They made these cheese filled Anaheim chiles, that were totally amazing. Luis grilled the chiles first. See the foil on the grill ? That is filled with Tomatoes and Jalapenos, he made a salsa with these, I’ll get to that in a minute.

He then cleared them of their seeds added cheese and put them back on the grill.

They were soft and gooey filled with Oaxaca Cheese. I want more just looking at these pics.
Now for the salsa, this picture is awesome, Luis smashing and stirring the grilled tomatoes and peppers with a rock.

Here’s a shot of the meat grilling, all I can say is YUM. He made quesadillas for the kids right on the grill.

This is Chef Luis, many many thanks for the amazing food, you ROCK ! I bow down.

The Johnson’s spoiled us with a breakfast fit for hikers, Bacon, Eggs and Pancakes and later in the day Blackberry Margaritas, super yummy and they went down real nice.

Joe Joe the baker got his bake on and brought us Crumb Cake Muffins, perfect with coffee in the morning. He also went big on the brownies, Peanut Butter Chocolate Brownies and regular Ooey Gooey Chocolate Brownies and he made Gingerbread that we served with fresh whip cream.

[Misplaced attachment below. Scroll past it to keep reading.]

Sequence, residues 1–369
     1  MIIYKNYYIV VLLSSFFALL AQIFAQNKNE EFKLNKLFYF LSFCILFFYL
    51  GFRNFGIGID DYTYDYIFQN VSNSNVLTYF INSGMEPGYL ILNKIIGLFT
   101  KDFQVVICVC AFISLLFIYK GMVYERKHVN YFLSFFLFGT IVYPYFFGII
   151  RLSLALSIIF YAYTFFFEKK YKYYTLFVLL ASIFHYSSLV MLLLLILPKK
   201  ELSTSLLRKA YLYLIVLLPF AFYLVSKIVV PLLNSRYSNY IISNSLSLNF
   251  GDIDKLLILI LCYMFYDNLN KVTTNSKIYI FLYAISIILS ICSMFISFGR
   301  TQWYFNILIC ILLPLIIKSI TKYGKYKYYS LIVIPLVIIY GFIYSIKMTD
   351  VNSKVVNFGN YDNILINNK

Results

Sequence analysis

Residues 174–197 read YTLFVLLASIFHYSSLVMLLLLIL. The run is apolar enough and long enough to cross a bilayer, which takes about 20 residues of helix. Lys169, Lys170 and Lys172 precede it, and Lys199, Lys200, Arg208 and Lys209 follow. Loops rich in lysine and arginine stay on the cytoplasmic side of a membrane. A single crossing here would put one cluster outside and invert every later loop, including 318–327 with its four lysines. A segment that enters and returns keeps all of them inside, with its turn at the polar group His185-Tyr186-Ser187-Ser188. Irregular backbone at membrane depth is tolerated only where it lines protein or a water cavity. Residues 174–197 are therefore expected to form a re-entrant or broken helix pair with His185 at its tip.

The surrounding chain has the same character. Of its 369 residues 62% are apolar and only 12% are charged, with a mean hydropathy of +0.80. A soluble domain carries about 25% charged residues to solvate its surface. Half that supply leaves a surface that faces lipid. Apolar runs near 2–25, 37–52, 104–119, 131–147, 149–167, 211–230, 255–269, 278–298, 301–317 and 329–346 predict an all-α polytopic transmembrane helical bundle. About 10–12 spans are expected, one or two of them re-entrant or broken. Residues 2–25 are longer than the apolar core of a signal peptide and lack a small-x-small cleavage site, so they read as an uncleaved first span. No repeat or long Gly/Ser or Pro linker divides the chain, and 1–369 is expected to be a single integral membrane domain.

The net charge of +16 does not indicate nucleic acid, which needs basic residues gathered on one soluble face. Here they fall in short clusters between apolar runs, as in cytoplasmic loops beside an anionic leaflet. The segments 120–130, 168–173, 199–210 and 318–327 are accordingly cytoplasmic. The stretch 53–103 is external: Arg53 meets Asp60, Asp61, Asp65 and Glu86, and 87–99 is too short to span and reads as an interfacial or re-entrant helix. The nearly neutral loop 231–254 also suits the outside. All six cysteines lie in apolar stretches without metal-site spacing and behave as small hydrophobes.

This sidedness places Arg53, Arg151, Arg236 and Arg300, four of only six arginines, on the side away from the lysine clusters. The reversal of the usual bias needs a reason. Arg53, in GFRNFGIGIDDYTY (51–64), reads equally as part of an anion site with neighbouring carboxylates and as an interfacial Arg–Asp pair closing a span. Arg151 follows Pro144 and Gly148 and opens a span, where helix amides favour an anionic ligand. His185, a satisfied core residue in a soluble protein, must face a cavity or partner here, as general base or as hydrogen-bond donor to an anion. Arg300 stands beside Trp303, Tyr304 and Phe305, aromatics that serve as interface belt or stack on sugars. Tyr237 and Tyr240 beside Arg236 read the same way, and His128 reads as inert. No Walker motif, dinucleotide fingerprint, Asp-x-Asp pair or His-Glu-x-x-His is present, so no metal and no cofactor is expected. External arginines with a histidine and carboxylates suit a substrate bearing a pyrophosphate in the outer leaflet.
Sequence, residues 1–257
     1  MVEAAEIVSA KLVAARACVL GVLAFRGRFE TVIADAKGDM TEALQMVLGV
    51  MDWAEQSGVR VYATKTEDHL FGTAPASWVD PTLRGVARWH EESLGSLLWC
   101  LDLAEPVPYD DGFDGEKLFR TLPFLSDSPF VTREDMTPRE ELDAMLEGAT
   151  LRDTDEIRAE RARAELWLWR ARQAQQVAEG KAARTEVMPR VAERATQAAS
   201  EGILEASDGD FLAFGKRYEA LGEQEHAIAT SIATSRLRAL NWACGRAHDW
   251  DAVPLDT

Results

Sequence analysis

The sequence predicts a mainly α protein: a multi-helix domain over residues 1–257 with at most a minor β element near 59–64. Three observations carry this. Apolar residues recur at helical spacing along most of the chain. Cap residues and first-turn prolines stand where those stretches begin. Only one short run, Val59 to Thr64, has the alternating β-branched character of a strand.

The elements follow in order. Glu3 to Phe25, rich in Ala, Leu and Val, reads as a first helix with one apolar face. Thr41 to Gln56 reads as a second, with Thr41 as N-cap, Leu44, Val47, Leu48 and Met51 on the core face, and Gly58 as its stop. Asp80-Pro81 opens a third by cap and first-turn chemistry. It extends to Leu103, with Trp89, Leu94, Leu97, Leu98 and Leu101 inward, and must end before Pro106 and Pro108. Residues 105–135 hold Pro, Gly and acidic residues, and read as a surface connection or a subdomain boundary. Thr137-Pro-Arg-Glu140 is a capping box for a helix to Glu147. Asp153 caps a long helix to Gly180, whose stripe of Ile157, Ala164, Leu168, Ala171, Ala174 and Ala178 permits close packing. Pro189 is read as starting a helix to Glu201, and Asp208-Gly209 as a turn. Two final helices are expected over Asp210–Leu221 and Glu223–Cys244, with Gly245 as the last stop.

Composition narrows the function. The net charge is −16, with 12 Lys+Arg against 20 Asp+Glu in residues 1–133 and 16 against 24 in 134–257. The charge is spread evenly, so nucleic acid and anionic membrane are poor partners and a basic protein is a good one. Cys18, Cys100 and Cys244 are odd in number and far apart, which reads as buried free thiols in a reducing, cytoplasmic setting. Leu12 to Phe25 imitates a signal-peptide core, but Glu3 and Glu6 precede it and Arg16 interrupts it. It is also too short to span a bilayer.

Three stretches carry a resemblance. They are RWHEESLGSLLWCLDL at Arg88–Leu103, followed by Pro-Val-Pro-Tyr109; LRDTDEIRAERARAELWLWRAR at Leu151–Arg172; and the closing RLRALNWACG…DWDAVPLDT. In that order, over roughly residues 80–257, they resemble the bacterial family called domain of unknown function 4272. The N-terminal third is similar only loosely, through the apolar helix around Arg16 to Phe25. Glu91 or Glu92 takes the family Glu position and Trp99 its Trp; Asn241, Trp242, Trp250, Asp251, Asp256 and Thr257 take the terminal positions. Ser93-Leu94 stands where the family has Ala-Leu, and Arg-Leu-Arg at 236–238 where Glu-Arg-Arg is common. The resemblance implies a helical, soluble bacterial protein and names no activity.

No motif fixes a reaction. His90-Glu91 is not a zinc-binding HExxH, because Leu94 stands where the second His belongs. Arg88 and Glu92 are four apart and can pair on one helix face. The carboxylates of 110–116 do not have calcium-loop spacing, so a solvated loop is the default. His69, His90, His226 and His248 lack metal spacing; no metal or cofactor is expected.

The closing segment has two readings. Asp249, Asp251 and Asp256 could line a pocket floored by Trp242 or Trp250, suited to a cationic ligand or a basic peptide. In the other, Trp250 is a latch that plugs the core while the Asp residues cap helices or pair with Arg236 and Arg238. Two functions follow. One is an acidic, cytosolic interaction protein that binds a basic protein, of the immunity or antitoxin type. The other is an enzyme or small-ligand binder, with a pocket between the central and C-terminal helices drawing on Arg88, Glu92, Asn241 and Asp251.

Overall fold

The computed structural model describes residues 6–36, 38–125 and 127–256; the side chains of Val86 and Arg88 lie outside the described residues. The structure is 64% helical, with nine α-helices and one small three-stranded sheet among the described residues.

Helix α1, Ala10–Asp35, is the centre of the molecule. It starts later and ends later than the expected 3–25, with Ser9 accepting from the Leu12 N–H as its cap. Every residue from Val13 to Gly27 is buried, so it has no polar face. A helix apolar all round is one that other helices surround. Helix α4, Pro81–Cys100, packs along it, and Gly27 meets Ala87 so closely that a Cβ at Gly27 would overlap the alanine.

We are totally rad foodies when we’re camping, it’s the Best Ever crew every time. Thanks for a great trip !!

Tea Cookies

Cookies Cookie Cookies !!

Earl Grey Shortbread Cookies…….yummy.

Super easy and so good with coffee or tea.
I got this recipe from Claire Robinson, the 5 ingredient babe on the Food Network. Tasty little morsels of yum.


  • 2 cups all-purpose flour
  • 2 tablespoons loose Earl Grey tea leaves, or the tea of your choice.
  • 1/2 teaspoon salt
  • 3/4 cup confectioners’ sugar
  • 1 teaspoon pure vanilla extract
  • 1 cup (2 sticks) unsalted butter, room temperature


In a food processor, pulse together the flour, tea, and salt, until the tea is just spotted throughout the flour. 

Add the confectioners’ sugar, vanilla, and butter. Pulse together just until a dough is formed. 

Place dough on a sheet of plastic wrap, and roll into a log, about 2 1/2-inches in diameter. Tightly twist each end of wrap, and chill in refrigerator for 30 minutes.
Preheat oven to 375 degrees F.
Slice the log into 1/3-inch thick disks. 

Place on parchment or silpat lined baking sheets, 

2 inches apart (2 probably needed depending on size of sheets). Bake until the edges are just brown, about 12 minutes. Let cool on sheets for 5 minutes, then transfer to wire racks and cool to room temperature.